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Saturday, August 18, 2018

The Lost Love Letters of Henri Fournier by Rosalind Blackenbury





This was not just a very good novel. It had drama, romance, war, death and great joy and love as well. The elements were so well drawn into together and set in two different time frames that added to the drama of the telling of the story.

We have 1913 France - brilliant and carefree. At least these characters were. Claude and Pauline. Married tolerating each other. Each fully aware of the other's frailities. Then we have Henri young the Secretary to Claude whose attraction for Pauline grows by the day. Acknowledged by Pauline but not acted upon till halfway through the story. So we had a descriptive background of Paris and rural France as well. The lives of the well to do, the literate, the peasants. There was all.

Then the outbreak of war. Henri had to enlist and then so did Claude. Like all Frenchmen who were optimistic at the time - it was not meant to be. The war dragged on and womenfolk left behind had to fend for themselves. Pauline did not do too well. She was so frightened that this last chance of happiness was going to be snatched away from her. Henri himself a writer, had written a best seller and his future was very bright. Pauline felt that she was on the edge of a precipice and all that she had lived for was going. And it did. Henri lost his life very early on in the war. Pauline was rejected by Henri's family. She was just his mistress. The isolation of it almost killed her. She picked up the pieces slowly .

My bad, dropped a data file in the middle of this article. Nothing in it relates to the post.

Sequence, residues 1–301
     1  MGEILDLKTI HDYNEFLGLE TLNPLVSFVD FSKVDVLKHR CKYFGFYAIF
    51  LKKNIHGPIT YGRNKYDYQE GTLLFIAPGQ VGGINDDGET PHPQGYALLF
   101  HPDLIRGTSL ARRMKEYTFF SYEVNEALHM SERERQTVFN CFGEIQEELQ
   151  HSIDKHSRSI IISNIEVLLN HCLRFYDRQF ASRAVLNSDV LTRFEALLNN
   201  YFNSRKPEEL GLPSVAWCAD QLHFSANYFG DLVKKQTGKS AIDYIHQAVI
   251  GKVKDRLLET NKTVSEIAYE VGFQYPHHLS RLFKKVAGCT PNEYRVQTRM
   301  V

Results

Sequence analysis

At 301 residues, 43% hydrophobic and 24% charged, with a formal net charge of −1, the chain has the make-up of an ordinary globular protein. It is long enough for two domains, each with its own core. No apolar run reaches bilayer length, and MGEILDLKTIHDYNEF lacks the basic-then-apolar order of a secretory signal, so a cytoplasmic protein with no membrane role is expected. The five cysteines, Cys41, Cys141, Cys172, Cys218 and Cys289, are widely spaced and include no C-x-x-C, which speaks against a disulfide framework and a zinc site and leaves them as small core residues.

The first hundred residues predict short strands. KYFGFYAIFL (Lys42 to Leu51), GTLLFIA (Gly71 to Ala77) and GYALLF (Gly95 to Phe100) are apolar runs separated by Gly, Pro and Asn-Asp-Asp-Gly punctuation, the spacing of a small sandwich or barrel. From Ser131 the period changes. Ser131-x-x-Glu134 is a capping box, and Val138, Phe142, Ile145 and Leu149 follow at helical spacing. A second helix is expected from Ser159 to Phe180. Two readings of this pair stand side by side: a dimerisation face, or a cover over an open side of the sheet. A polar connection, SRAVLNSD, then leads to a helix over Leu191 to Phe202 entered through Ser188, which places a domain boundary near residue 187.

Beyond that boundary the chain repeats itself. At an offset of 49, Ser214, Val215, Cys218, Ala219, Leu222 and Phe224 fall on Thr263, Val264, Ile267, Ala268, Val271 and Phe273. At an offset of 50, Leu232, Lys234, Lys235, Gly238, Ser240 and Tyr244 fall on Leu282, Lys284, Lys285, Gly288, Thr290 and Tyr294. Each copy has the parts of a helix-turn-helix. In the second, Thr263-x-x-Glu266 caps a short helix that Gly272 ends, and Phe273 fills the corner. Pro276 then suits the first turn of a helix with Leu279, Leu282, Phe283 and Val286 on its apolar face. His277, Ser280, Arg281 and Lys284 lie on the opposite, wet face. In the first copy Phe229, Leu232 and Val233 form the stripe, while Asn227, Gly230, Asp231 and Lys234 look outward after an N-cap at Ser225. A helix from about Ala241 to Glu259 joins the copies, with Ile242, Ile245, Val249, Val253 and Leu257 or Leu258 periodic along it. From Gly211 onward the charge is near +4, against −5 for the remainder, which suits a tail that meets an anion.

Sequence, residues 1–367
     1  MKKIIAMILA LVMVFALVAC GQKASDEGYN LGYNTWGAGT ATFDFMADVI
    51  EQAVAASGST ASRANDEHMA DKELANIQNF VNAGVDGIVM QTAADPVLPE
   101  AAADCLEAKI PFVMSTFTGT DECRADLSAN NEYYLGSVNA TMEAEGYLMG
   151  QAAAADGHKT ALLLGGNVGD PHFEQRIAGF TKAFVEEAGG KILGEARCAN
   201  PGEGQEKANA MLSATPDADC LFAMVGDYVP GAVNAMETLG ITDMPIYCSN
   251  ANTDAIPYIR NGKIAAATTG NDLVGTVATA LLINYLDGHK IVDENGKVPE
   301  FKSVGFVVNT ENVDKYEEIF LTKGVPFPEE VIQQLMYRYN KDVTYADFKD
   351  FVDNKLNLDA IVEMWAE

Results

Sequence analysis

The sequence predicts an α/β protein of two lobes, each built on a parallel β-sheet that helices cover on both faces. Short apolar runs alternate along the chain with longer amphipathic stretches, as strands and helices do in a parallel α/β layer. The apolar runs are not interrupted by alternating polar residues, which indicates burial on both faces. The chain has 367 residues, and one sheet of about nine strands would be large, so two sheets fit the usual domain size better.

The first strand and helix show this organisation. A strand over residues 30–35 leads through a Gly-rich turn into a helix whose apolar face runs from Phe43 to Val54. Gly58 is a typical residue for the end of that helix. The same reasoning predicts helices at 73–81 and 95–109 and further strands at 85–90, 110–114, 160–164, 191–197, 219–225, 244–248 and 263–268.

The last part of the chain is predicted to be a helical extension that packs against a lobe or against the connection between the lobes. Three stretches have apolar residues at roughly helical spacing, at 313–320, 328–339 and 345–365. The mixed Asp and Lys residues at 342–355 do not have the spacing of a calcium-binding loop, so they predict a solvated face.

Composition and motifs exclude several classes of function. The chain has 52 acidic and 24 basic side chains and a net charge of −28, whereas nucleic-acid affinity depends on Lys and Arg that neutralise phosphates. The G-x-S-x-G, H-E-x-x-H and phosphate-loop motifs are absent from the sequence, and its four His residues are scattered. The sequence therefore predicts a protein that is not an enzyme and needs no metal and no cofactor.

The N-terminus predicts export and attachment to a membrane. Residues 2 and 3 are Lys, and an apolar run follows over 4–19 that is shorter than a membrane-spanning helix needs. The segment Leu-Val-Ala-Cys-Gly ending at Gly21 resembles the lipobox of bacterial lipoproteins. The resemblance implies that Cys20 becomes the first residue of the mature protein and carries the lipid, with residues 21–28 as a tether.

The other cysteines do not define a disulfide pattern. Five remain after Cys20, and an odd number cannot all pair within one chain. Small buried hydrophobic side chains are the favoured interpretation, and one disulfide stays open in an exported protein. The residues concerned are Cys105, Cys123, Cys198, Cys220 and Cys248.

It is in the retelling of the bare bones of the story in 2013 that it comes alive. It is as if Henri and Pauline, and all the other characters are very much alive and present. It did not appear that Pauline was in her 90s, that practically everyone was dead and gone. The story is a common one for the era - so many wasted lives and futures but the author did a brilliant job of giving so much life to this very ordinary love story that lifted it from being just another love story.

Love, separation, death, isolation, loneliness all handled very well. Not soppy, not over emotional but very poignant.

Sent to me by Netgalley for an unbiased review, courtesy of Lake Union Publishing.






5 comments:

bermudaonion said...

I need to grab a copy of this for my mom.

Stephanie Jane said...

This sounds like a beautiful story :-)

Literary Feline said...

This sounds like something I would really enjoy.

Deb Nance at Readerbuzz said...

I will have to read this one next year during Paris in July. Thanks for sharing the story.

carol said...

Sounds like a wonderful story.